It is noted that the CPLR, unlike the SCPA, does not provide for service by direct mail either upon an individual or a corporation. A summons may only be served upon a corporation by serving "an officer, director, managing or general agent, or cashier or assistant cashier or any other agent authorized by appointment or by law to receive service". (CPLR 311, subd. 1.) However, in the matter at bar we are not concerned with the service of a summons nor are we concerned with the issue of jurisdiction. Subdivision 1 of section 5 of the Public Service Law gives to the Public Service Commission continuing jurisdiction over all railroads operating within the State. Section 23 of the Public Service Law creates a statutory method of serving an order of the commission upon a corporation and, by reference to the CPLR, designates those upon whom such service can be made. Petitioner alleges compliance by service upon a "general manager". Respondent states none of the five individuals served are officers, managing agents or general agents or were ever authorized to accept service.
In the absence of proof from either party as to exactly what powers involving the exercise of judgment the individuals served actually performed, the court is constrained to distinguish between the service of a summons and the service of an order. In the former, an attempt is being made to invoke the jurisdiction of a court and no equivalent for procedure mandated by statute should be countenanced. When, however, a body is acting under a statutory grant of jurisdiction, the purpose of service of an order is to give notice and when that objective is achieved a departure from express statutory terms, in the absence of prejudice, is tolerable.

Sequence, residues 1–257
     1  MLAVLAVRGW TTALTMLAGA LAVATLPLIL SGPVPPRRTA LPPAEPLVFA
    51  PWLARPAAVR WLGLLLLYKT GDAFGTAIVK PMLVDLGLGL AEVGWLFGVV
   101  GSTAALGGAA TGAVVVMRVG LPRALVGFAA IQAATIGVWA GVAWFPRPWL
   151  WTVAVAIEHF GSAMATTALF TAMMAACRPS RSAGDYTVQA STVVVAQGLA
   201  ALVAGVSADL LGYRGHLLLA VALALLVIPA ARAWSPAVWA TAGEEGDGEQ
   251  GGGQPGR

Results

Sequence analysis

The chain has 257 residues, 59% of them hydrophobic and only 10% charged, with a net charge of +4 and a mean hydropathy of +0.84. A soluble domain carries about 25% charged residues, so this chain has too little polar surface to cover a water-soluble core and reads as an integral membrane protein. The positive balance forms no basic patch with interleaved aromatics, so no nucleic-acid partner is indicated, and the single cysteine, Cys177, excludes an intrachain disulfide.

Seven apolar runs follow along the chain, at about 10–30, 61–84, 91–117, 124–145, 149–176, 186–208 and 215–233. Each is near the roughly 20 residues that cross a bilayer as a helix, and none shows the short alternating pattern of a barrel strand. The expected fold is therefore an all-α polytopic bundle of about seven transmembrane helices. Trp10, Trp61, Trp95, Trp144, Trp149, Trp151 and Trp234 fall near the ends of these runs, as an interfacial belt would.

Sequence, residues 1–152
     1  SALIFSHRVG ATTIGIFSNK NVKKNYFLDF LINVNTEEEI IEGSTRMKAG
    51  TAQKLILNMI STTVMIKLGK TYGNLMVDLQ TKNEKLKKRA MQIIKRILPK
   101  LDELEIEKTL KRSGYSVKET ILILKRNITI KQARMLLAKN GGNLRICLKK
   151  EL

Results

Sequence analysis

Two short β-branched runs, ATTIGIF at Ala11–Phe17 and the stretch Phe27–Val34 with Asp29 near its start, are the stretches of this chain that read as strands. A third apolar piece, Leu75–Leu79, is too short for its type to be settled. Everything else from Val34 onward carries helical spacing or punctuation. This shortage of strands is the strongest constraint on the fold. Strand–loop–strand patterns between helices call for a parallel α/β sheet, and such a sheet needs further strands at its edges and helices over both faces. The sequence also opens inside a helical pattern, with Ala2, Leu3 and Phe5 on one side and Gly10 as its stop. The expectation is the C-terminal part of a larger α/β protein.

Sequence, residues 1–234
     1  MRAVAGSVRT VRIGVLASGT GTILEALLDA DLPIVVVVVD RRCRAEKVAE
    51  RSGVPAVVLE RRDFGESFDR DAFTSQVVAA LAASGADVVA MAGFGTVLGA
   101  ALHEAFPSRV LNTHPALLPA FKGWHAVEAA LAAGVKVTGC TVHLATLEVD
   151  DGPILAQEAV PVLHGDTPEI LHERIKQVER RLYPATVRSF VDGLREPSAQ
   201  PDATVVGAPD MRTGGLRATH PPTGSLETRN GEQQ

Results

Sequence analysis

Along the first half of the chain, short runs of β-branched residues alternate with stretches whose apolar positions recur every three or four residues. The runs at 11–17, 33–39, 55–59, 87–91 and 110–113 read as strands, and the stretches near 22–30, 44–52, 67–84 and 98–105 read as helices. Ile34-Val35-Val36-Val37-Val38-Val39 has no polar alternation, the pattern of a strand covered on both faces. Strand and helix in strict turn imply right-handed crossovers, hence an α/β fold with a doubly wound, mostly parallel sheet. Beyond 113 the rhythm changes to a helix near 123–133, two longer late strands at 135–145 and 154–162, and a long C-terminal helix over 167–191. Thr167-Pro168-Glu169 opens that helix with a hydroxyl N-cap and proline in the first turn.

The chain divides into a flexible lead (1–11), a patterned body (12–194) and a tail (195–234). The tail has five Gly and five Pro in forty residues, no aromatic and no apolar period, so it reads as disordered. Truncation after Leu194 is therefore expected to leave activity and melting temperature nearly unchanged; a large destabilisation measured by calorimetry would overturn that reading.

Next, respondent railroad argues that any construction of subdivision 1 of section 23 of the Public Service Law that would permit the commission to require a "commitment" within a period less than that allowed to petition for a rehearing (30 days ; Public Service Law, § 22) would render a petition for rehearing meaningless. This argument is based on a misreading of the appropriate provisions of sections 22 and 23 of the Public Service Law. Section 23, in part, states, "within a time specified in the order of the commission every * * * corporation upon whom it is served must if so required in the order notify the commission in writing, whether the terms of the order are accepted and will be obeyed". The word "whether", by itself, is an indirect question involving alternatives. Respondent railroad could have, within the 10 days specified in the order, complied with the statute by informing the commission that it would not accept or obey the terms of the order. No "commitment" to vast expenditures of money was required by paragraph 12 of the order unless the railroad chose to make such a "commitment" by acceding to the terms of the order.
Similarly, the railroad, while conceding that an application for a rehearing (Public Service Law, § 22) does not operate as a stay of an order issued pursuant to section 23 of the Public Service Law, contends that only the substantive provisions of the order continue unabated, i.e., the ultimate requirement to purchase new equipment, etc., within two years of the date of the order, but that the procedural requirement to indicate within the time specified whether it will accept and obey the order, is abrogated. In my view, any comprehensive reading of section 22 compels the conclusion that an application for a rehearing "shall not excuse any corporation * * * from complying with or obeying any order or any requirement of any order of the commission, or operate in any manner to stay or postpone the enforcement thereof".